Ever since a war-birthed border split the two Californias in the nineteenth century, the idea of California—its sunshine myths and romances as much as its noir realities—has been a prime subject of musical interpretation for Mexican artists across the California-Mexico borderlands. While Los Tijuana Five dreamed their California from their home south of the borderline, critiques of California myths and harsh, dramatic accounts of California realities have dominated the Mexican migrant music made and consumed on both sides of the border.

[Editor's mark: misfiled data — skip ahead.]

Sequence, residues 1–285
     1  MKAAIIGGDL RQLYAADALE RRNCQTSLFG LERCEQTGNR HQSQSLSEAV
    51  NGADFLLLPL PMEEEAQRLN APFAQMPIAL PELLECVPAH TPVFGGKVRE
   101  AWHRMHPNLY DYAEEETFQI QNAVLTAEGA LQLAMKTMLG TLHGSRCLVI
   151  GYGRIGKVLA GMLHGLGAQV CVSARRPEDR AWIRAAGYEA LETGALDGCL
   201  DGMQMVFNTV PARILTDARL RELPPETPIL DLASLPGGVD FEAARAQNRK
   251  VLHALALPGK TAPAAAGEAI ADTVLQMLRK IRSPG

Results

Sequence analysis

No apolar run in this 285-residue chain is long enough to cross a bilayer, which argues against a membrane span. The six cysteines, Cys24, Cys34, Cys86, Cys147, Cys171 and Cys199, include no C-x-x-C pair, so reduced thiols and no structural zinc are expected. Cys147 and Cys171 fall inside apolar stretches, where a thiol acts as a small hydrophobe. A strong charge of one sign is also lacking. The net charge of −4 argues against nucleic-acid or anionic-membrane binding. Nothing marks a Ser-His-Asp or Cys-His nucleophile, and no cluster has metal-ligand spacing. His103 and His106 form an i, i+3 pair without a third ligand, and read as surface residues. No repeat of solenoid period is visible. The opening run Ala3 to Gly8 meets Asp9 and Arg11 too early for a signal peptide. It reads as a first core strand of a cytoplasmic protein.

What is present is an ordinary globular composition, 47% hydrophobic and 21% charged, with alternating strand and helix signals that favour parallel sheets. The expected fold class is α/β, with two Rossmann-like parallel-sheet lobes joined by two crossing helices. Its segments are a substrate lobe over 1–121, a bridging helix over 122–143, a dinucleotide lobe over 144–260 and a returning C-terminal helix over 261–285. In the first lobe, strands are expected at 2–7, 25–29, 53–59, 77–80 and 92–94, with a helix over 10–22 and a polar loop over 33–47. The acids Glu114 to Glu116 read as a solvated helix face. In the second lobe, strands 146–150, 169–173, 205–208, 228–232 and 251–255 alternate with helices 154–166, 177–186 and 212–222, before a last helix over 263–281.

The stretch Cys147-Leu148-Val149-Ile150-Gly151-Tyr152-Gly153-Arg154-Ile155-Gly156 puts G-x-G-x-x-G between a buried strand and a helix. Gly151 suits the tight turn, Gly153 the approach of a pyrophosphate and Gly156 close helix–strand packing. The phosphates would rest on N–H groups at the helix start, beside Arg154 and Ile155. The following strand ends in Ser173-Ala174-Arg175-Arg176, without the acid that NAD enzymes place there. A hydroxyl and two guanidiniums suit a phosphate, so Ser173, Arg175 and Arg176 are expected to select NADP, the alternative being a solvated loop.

The migrant experience in California has been at the very heart of norteño music since the beginning of the twentieth century, from Los Hermanos Bañuelos’ dishwasher tale of failed Hollywood hope in “El Lavaplatos” in 1929 to Carlos y José’s wishful thinking in the 1980s in “Me Voy a California” (“I’m going to California, I’m going to harvest money”) through song after song on contemporary Spanish-language radio. It can be heard in the music of Los Tucanes de Tijuana (once Tijuana-based, now in San Diego), El Chapo de Sinaloa (from Sinaloa, but now calling the Inland Empire home), Los Razos (from Michoacán, now living in Oxnard), and Jenni Rivera (born and raised in Playa Larga, a.k.a. Long Beach). For that matter, the entire body of work of Sinaloa-born, Northern California-based Los Tigres del Norte—the reigning musical titans of Greater Mexico—could easily be read as a collective study of the political, cultural, and affective impacts of Mexican migrancy in California and belongs in Literature of California anthologies and on California Studies syllabi, right next to Ramona, The Grapes of Wrath, Southern California: An Island on the Land, and City of Quartz. The Mexican scholar Gustavo López Castro has written extensively about norteño music and other musical styles of migrant Mexico as forming a decades-spanning “songbook of migrancy,” a dynamic, living archive of everyday migrant life, of cross-border feelings and emotions that create communities of sentiment between Mexico and the US. Or to borrow from Roberto Tejada’s important work on Mexican photography, norteño music has created not a “shared image environment” but a “shared sonic environment” between the US and Mexico. Nowhere is this more the case than in the current popular music of California. Music made by migrant Mexicans for migrant Mexicans—arguably the most commercially popular and culturally galvanizing music in the state—has been a key source of migrant articulations of longings and feelings for Mexico and for a better, more just life in the US. It is also, as Catherine Ragland and Hermann Herlinghaus have persuasively argued, a key site for shaping everyday vernacular reactions to the asymmetries, dislocations, and violence of economic globalization.